Benefits of sleep: we all love it, especially when we wake up after a great night’s sleep. In the past, sleep was often largely ignored by doctors and surrounded by myths. But now we are beginning to understand the importance of sleep to overall health and well-being. In fact, when people get less than 6 to 7 hours of sleep each night, they are at a greater risk of developing diseases. There are numerous scientifically proven reasons that you need to get a good night’s sleep, and ignoring this need can lead to serious consequences.
10 benefits of sleep and Why It Is Important Part of Your Life
The features in this section explore these discoveries and describe specific ways in which we all benefits of sleep.
1. Sleep keeps your heart healthy.
We know that sleep quality and duration can have a major effect on many risk factors. These are the factors believed to drive chronic diseases, including heart disease. Everyone has problems falling asleep from time to time, but if you are chronically suffering from a lack of sleep, your odds of developing heart disease or type 2 diabetes will significantly increase. With this in mind, individuals who have insomnia, sleep apnea or another complication that makes it difficult to have a restful night should consider talking to their doctor about getting a sleep aid.
In a study of healthy young men, restricting sleep to 4 hours per night for 6 nights in a row caused symptoms of pre-diabetes. This was then resolved after 1 week of increased sleep duration. Poor sleep habits are also strongly linked to adverse effects on blood sugar in the general population. Those sleeping less than 6 hours per night have repeatedly been shown to be at increased risk for type 2 diabetes
2. Sleep may prevent cancer.
Did you know that people who work the late shift have a higher risk of developing breast and colon cancer? Researchers believe this link is caused by varying levels of melatonin in people who are exposed to light at night. Light exposure reduces melatonin levels, a hormone that regulates the sleep-wake cycle. Melatonin is thought to protect against cancer, as it appears to suppress the growth of tumors. Be sure that your bedroom is dark and you avoid using electronics before bed in order to help your body produce the melatonin it needs.
3. Sleep improves your memory.
That ‘foggy’ feeling that you struggle with when deprived of sleep makes it difficult to concentrate. This often leads to memory problems with facts, faces, lessons, or even conversations. Sleeping well eliminates these difficulties because, as you sleep, your brain is busy organizing and correlating memories.
One of the great benefits of sleep is that it allows your brain to better process new experiences and knowledge, increasing your understanding and retention. So, next time you hear someone say “why don’t you sleep on it,” take their advice.
4. Sleep helps control body weight issues.
This is one of the important benefits of sleep for health. Researchers have found that people who sleep less than 7 hours per night are more likely to be overweight or obese. It is thought that a lack of sleep impacts the balance of hormones in the body that affect appetite. The hormones ghrelin and leptin, which regulate appetite, have been found to be disrupted by lack of sleep. If you want to maintain or lose weight, don’t forget that getting adequate sleep on a regular basis is a huge part of the equation.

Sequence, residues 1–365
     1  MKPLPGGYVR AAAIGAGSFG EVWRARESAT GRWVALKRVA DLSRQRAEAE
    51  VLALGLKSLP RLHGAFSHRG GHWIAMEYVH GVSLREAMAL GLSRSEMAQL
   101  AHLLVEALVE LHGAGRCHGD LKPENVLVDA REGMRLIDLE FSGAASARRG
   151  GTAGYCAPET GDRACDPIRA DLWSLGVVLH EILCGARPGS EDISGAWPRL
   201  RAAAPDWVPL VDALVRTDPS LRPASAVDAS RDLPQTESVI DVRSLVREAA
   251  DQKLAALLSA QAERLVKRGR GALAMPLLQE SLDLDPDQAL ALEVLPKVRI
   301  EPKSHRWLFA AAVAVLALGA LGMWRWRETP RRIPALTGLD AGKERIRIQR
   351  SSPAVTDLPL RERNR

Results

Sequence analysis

5. Naps Boost Productivity
Nighttime isn’t the only time to catch z’s. Napping during the day is an effective, refreshing alternative to caffeine that is good for your overall health and can make you more productive. A study of 24,000 Greek adults showed that people who napped several times a week had a lower risk of dying from heart disease. People who nap at work show much lower levels of stress. Napping also improves memory, cognitive function, and mood.
6. Sleep helps to repair your body.
Your body produces extra protein molecules while you’re sleeping that helps strengthen your ability to fight infection and stay healthy.
These molecules help your immune system mend your body at a cellular level when you are stressed or have been exposed to compromising elements such as pollutants and infectious bacteria.
7. Sleep may reduce your risk for depression.
Sleep impacts many of the chemicals in your body, including serotonin. People with serotonin deficiencies are more likely to suffer from depression. You can help to prevent depression by making sure you are getting the right amount of sleep: between 7 and 9 hours each night.
8. Sleep Provides A Mood Boost
Perhaps one of the sleep’s most essential functions is to help people maintain a stable mood. Those who have chronic insomnia often suffer from higher levels of depression, anxiety, and stress. Even just one night without the proper amount of sleep can have a negative impact on your mood and ability to deal with stressful situations. This highlights yet again why sleeping is a better usage of your time than late-night cramming before a test or any other big event.
9. Sleep reduces inflammation.
The increase in stress hormones increases the level of inflammation in your body. It creates a greater risk for heart-related conditions, as well as cancer and diabetes. Inflammation is thought to cause the body to deteriorate as we age.
10. Sleep makes you more alert.
Of course, a good night’s sleep makes you feel energized and alert the next day. Being engaged and active not only feels great but increases your chances for another good night’s sleep. When you wake up feeling refreshed, use that energy to get out into the daylight, do active things and be engaged with your world. You’ll sleep better the next night and increase your daily energy level.